By Miriam Hemstock
Magical realism is defined as ‘an amalgamation of realism and fantasy.’ It originated in literature from Latin America, yet numerous novels from and about Japan have drawn on elements of this genre. Japan often appears fantastical and duplicitous, especially to outsiders. Western media often exacerbates this notion, and though it is frequently true, it can sideline the presence of everyday life. Magical realism both represents and overcomes this problem by presenting multiple realities and using tangled narratives. Authors introduce reality as paradoxical, often with an underlying darkness at play. Magical realism allows characters plagued by trauma to comprehend events that have affected them, their ancestors and even society as a whole. Elements of science fiction and fantasy, dreams intertwined within narratives and prose that verges on poetic are all characteristics of magical realism. Below is a succinct, and by no means definitive, introduction to magical realist Japanese and Western authors’ who write about Japan.
Yasunari Kawabata was Japan’s first Nobel Prize for Literature winner and highly influential writer. His short novella ‘The House of the Sleeping Beauties’ is a disturbing tale which would later inspire the acclaimed Colombian magical realist and Nobel prize winner Gabriel Garcia-Marquez to write ‘Memories of My Melancholy Whores’. In Kawabata’s story, an elderly gentleman named Eguchi pays to sleep with women drugged into unconsciousness. Although no intercourse or inappropriate touch of any sort are permitted in the establishment, the concept of such control and fetishisation is perturbing. Kawabata uses this as a vehicle to question notions of morality, sexuality, aging and memory. Through the dreams Eguchi has whilst lying next to the women and the memories of past lovers they unearth, an exploration of existentialism is undertaken via Kawabata’s haiku inspired prose.
In ‘The Game of Contemporaneity’, Kenzaburo Oe creates an entirely alternate universe set in a rural Shikoku village. He tells his revisioned history through the story of a dissident samurai turned into a demon. It is a novel of great complexity and importance, having inspired a wave of political authors such as Hisashi Inoue. Oe’s exploration of ‘natsukashisa’ (nostalgia) is perhaps the aspect of the novel that stands out the most. Oe extols the allure and danger of this in equal measure. Oe stated that his novel was inspired by the intricacy of a work by mural painter Diego Rivera, and the author has received comparisons to the works of Gabriel Garcia-Marquez, making him one of the front runners of Japanese magical realism.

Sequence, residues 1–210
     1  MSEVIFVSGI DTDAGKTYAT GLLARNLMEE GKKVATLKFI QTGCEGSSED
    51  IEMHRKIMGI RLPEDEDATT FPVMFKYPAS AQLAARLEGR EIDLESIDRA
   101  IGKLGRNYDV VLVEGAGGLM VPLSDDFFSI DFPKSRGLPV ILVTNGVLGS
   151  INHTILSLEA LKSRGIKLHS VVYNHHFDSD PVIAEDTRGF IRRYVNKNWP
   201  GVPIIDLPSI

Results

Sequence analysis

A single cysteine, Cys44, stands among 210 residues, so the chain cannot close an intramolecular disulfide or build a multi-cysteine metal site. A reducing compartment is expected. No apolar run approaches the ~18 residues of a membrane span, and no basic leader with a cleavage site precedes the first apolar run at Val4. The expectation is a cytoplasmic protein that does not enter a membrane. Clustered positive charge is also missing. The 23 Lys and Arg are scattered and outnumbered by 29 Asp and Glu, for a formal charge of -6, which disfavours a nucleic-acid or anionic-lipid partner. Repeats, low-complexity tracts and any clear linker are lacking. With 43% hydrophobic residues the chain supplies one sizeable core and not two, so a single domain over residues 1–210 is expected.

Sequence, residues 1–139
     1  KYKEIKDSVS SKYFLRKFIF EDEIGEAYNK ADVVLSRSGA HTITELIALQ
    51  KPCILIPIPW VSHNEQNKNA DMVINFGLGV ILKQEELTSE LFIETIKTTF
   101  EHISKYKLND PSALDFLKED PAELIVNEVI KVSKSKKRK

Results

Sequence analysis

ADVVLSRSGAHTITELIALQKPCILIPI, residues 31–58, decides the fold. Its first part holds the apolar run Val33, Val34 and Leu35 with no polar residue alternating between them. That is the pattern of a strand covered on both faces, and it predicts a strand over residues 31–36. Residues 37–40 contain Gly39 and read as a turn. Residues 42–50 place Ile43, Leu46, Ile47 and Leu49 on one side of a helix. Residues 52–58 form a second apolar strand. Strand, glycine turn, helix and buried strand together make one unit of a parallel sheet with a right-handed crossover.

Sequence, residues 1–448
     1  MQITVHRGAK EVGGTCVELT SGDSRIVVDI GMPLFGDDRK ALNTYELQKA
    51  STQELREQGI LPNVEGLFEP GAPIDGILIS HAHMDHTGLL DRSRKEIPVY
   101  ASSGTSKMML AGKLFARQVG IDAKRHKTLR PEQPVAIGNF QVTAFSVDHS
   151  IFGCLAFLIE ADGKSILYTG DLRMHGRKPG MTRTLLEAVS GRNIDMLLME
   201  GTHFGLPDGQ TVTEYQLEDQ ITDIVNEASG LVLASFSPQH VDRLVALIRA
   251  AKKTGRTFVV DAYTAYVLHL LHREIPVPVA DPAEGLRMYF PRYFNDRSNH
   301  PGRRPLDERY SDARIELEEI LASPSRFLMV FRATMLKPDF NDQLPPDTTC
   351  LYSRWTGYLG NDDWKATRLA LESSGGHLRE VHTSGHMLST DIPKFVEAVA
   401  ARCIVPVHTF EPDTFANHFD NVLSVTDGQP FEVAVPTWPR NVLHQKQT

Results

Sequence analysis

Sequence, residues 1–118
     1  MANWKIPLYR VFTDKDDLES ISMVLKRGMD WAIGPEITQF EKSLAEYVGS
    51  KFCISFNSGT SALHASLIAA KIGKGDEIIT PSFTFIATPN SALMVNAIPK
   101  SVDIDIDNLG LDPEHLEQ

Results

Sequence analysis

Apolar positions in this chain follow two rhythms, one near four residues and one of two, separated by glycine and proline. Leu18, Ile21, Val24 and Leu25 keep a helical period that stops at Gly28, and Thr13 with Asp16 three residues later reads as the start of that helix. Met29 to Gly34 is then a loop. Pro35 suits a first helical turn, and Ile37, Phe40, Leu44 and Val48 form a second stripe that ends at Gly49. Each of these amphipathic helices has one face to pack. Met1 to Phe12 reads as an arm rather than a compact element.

Haruki Murakami is perhaps the most famous and certainly the most popular contemporary Japanese author in both Japan and the West. His novels blur the lines between the everyday and a pseudo-magical world, peppered with contemporary figures and culture. A cameo by Colonel Sanders in ‘Kafka on the Shore’ turns the eponymous Capitalist figure into a dark, malicious force. Popular music profoundly affects characters, often transporting them to different emotional states and time frames. It acts as the driving force of the narratives at play. ‘Norwegian Wood’, whose title comes from The Beatles song of the same name, was his breakthrough novel. Norwegian Wood is a song about loss and loneliness, as is Murakami’s novel. Murakami’s style marked a stark departure from his contemporaries. It even lead to criticism of his work by other writers, including Kenzaburo Oe. But the popularity of his work, both in Japan and abroad, speaks for itself. Murakami tackles issues of personal identity and modern life via a complex web of illusory worlds, bohemian characters and mystical happenings.
David Mitchell is an author from the UK who spent many years living in Japan. He has spoken extensively in articles and interviews of the impact that Japan has had on his writing. In his novel, ‘Number9dream’ the reader is taken on a rip-roaring ride through Tokyo where multiple realities exist at any one time. The narrative flits between dreams, daydreams, video game storylines and mundane accounts of main protagonist Eiji’s life in such a way to blur the boundary between what is real and what isn’t. The novel also transcends time by including diary entries from a World War Two ‘kaiten’ pilot, who steers an underwater missile into an American carrier ship, resulting in his untimely death that he hopes will bring glory to his family name. Like so much magical realism, the inclusion of real, harrowing historical anecdotes allows for a cathartic vehicle for understanding collective and individual trauma. The novel was heavily inspired by ‘Norwegian Wood’, and although Mitchell’s imaginative power means his merit as an author is not diminished, it can at times feel like a strong imitation of Murakami’s work.